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| By Anayo Ezugwu | May 18, 2015 @ 01:00 GMT |
THE United States of America Consulate in Nigeria is happy with the way the media reported the political campaigns in the country and educated voters before the general elections in the country. According to the Consulate, the media played a constructive role in ensuring successful and violence free elections across the country.
Jeffrey Hawkins, consul general, at a programme organised to commemorate of the 2015 World Press Freedom Day, in Lagos, said Nigeria’s electoral success was reminiscent of the remarkable result it produced to halt the spread of the dreadful Ebola Virus Disease.
“The world has indeed watched Nigerian successes and for me experiencing the historic elections first hand has been a highlight of my career as a diplomat. I would like to commend the efforts of the news media in offering a platform for the expression and amplification of ideas by political candidates during the campaign season,” he said. The news media, like their peers in other parts of the world, shoulder a heavy responsibility to inform and educate the electorate in some cases placing themselves in harm’s way. By providing to the Nigerian electorate timely, factual, analytical, and objective information to help them understand the issues and where the candidates stand, the news media lived-up to a universal professional standard and contributed immensely to a healthy and functioning democracy in Nigeria, he said, adding: “You and your peers deserve kudos for a job well done. And I look forward to hearing your self-assessment of your performance,” he said.[caption id="attachment_29964" align="alignright" width="360"] (L-R) Ogwezzy-Idisika, Biakolo and Adesina[/caption]
Hawkins condemned the violent attacks on several journalists that were assaulted across the country by both political thugs and security agents during the election and urged the media not to relent in their role as the watchdog. “There is no place for violence in a democracy. All of us need to stand together to condemn such attacks and intimidation against journalists. We all know that a free press is essential to a healthy democracy. Not only during elections but every day, every week, every month, and every year the news media must remain focused and engaged. The news media can be a powerful force for change. It can effectively fulfil the roles of watchdog, gatekeeper and agenda-setter.”
According to Hawkins, the US Mission supported the 2015 elections by facilitating more than 28 election outreach events initiated by the Embassy in Abuja and the Consulate in Lagos.
“Our Public Affairs Section organised media training workshops in cities across the country including Port Harcourt, Lagos, Ekiti, Abeokuta, Osogbo, Kaduna, and Abuja. We also conducted training for the INEC press officers’ months before the elections to prepare them to be responsive to the news media to inform the general public about voter education, registration and polling information. We invited prominent Americans, members of your profession, to Lagos to share their expertise, including professors Lucinda Fleeson of the University of Maryland; Gary Kebbel of the University of Nebraska; former CNN Middle East Bureau chief, Derwin Johnson, and Edwin Cue. A handful of online and video conferences were also facilitated between senior American media practitioners and their Nigerian counterparts.”[caption id="attachment_29965" align="alignright" width="360"] (L-R) Usoh, Arogundade, Akinfeleye, Ghebreab, Ogwezzy-Idisika, Biakolo and Ogala[/caption]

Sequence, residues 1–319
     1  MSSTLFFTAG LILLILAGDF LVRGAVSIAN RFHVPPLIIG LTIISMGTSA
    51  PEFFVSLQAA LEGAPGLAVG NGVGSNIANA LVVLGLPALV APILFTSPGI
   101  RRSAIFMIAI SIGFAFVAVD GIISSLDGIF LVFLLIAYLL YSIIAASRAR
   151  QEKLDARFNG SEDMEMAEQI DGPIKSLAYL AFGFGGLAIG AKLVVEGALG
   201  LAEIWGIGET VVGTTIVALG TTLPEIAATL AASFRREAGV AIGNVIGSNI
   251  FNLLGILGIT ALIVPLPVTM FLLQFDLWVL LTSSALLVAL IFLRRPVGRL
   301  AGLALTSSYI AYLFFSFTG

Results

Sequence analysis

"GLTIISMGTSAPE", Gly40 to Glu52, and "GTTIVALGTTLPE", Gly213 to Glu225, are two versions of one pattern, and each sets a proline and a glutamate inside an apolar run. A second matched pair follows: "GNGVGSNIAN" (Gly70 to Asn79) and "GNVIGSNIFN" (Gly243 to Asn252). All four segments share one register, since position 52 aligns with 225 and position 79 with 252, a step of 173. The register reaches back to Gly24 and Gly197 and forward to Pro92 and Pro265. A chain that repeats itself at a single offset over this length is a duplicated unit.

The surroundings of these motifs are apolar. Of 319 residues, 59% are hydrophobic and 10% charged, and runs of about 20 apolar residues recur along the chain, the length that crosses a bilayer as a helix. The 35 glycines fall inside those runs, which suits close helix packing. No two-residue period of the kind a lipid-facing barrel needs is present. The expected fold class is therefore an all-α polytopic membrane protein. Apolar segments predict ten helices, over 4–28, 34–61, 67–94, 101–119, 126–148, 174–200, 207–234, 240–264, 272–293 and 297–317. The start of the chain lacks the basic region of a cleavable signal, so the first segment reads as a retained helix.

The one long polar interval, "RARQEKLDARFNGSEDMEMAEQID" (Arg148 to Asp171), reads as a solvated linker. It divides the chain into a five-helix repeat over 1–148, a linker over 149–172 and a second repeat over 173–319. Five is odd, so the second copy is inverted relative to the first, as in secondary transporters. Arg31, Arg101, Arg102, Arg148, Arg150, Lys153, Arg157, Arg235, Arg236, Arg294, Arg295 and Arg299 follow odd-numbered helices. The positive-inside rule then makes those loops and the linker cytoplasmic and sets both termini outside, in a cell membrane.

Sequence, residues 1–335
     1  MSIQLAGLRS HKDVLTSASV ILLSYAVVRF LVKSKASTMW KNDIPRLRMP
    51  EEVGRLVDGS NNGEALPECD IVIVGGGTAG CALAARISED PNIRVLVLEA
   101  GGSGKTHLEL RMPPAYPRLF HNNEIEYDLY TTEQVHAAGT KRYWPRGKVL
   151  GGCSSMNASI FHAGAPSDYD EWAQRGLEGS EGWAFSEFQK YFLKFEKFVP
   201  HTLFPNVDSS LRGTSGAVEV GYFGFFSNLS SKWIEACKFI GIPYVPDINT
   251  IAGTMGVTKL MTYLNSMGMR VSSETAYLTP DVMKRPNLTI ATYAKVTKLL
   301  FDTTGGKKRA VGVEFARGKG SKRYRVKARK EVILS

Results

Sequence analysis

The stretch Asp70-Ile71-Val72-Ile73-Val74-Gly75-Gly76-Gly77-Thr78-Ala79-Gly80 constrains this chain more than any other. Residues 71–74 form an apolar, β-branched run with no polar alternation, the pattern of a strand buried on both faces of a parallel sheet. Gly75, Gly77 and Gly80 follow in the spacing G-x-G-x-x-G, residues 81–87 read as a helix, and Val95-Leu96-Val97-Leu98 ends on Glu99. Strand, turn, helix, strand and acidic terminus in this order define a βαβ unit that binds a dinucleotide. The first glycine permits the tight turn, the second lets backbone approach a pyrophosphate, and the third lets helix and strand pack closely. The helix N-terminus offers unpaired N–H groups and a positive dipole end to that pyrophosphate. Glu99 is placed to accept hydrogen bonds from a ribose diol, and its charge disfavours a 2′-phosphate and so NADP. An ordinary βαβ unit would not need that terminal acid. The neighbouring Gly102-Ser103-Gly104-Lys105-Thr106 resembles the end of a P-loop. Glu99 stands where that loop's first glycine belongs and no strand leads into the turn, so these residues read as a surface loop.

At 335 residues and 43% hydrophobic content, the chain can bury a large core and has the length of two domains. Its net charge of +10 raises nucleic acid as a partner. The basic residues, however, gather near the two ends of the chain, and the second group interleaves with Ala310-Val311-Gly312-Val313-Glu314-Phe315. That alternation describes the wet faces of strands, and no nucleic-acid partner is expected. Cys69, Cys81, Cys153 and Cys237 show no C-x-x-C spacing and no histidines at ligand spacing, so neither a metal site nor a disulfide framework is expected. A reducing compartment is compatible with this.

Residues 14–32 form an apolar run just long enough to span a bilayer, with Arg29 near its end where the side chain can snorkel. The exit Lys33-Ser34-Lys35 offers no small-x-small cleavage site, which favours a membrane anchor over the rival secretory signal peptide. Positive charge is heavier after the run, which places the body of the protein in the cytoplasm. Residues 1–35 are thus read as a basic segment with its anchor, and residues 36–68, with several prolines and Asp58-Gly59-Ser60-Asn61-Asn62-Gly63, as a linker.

Also at the forum, Femi Adesina, president, Nigerian Guild of Editors, NGE, who spoke on the “Influence of Media Owners on Fair and Balanced Reporting and Commentaries in 2015 Election Coverage” said media owners in Nigeria hinder creditable reportage. According to him, people set-up media houses for different reasons and they always work toward accomplishing the motive of setting-up the media house.
Adesina said media owners constitute boundaries which reporters and editors must not cross. He noted that there is no freedom without boundary and the owners determine the boundary in most cases. He pointed out that although there were several hate speeches and advertorials, but the owners did nothing to avert. “One major issue was hate speeches, which could not have been if the media owners did not endorse them. At a stage the media became polarised, the owners influence were much, as they set rules on how far journalists can go. Only a few journalists can go against the position of their publishers,” he said.
There were also a team of panelists, which included Adesina, Abigail Ogwezzy-Ndisika, Head, department of Mass Communication, University of Lagos, UNILAG; Emmanuel Ogala, head, Digital Strategy, Premium Times; Emovwo Biakolo, founding dean, School of Media and Communication, Pan-Atlantic University, Lagos; Lanre Arogundade, director, International Press Centre; and Chamberlain Usoh, producer and host, Channels Television.
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